Regulation EU No 536/2014: What’s New and What’s Changed
The European Medicines Agency (EMA)'s Clinical Trial Regulation (EU No. 536/2014), which governs research of medicinal products for human use, is scheduled to go into effect in October 2018. According to the EMA's official website, the Regulation "aims to create an environment that is favorable to conducting clinical trials in the European Union (EU), with the highest standards of safety for participants." The objective is to apply a set of rules consistently throughout the member states in the EU.
Here are six things you need to know:
#1 What’s New
The EMA requires only one Clinical Trial submission to the Regulatory Authority and the Ethics Committee for the same trial and for all the involved EU countries together.
#1 What’s Changed
Previously, sponsors were required to submit separate applications to the Regulatory Authority and the Ethics Committee for each EU member state in which they intended to conduct the trial.
#2 What’s New
An online portal is being built for a release in 2018 where applications will be submitted, authorized and supervised through a single entry point. All recruitment and study termination information will be managed in this single portal. According to EMA delivery timeframes, the EU portal and database should be available for independent audit by August 2017 and for use by October 2018.
#2 What’s Changed
Previously, different member state accepted applications through various means and methods. And Sponsors were required to submit recruitment and study termination information to each individual member state. This policy revision standardizes the application and management protocol.
#3 What’s New
EMA authorities and committees now require responses within 12 days from Sponsors. Failure to provide satisfactory answers within the new 12-day timeframe will result in a rejected application.
#3 What’s Changed
Previously, sponsors had an average of 25 days to reply to queries by EU authorities and committees before facing a penalty.
#4 What’s New
The Clinical Trial application is now divided into two parts. Part I, consisting of common scientific documents, is assessed by all relevant member states together. Part II, consisting of state-specific or national documents, is assessed separately, and only by members of the respective member state.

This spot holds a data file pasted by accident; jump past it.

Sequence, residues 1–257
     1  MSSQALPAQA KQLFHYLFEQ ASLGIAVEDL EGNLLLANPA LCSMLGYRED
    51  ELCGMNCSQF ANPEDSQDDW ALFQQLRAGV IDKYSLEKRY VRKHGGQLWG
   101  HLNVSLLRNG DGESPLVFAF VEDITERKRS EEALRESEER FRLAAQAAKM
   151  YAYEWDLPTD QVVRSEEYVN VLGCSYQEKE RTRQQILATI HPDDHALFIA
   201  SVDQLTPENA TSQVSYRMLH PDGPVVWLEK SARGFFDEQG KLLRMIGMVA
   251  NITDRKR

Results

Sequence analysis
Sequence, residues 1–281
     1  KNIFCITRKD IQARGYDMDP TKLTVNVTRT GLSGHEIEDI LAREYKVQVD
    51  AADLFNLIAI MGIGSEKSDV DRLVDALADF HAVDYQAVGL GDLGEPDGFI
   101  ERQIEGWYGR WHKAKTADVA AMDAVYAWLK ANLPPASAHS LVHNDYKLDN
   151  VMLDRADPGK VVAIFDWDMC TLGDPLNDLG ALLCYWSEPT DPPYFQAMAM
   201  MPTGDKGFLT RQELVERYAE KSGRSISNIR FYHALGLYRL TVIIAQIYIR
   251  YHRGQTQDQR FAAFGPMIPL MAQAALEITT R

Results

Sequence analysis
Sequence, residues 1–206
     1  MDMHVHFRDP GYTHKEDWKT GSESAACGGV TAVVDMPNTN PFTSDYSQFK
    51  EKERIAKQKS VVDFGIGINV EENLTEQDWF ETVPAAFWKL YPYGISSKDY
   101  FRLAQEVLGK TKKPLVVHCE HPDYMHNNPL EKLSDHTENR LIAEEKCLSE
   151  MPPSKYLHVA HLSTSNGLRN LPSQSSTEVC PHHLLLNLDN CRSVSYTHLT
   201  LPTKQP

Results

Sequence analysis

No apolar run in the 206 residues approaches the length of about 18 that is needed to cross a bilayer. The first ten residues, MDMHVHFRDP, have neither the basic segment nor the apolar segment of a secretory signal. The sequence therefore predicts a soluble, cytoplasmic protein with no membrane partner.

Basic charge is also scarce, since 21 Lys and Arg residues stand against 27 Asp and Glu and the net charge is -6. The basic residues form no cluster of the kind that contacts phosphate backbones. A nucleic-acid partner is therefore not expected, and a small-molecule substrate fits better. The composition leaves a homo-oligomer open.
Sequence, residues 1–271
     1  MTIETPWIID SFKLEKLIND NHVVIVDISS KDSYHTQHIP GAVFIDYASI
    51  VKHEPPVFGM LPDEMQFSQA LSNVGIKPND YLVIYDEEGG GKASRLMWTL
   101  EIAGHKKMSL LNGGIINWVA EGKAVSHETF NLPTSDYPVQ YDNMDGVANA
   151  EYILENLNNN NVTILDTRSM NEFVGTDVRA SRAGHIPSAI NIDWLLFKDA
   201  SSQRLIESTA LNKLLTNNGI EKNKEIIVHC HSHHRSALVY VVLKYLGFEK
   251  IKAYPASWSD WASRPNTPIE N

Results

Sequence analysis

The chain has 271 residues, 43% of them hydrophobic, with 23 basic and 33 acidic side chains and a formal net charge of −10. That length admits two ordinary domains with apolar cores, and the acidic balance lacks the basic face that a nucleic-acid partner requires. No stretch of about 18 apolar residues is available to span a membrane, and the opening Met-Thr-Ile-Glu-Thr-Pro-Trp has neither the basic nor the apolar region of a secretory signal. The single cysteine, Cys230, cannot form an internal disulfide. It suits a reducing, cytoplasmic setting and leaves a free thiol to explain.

#4 What’s Changed
Previously, different member states have required the same information on different forms and using different procedures, resulting in a redundant application process for the sponsor. The European Commission describes the new standard application as a "harmonised procedure."
#5 What’s New
Legal representatives for non-EU Sponsors is no longer stated as a mandatory requirement. Going forward, only an EU contact person for non-EU Sponsors will be required for all communications with the Sponsor.
#5 What’s Changed
Previously, under the CTD 2001, Sponsors of clinical trials who are not based in the EEA were required to appoint a legal representative that is based in the EEA.
#6 What’s New
By law, all information entered in the clinical trial database is publicly accessible, excepting personal identifiable information, commercially confidential information, and confidential communication between and among member states.
#6 What’s Changed
Because the Clinical Trial regulation mandates a state-sponsored database, certain information about studies entered there won’t necessarily become centralized and public.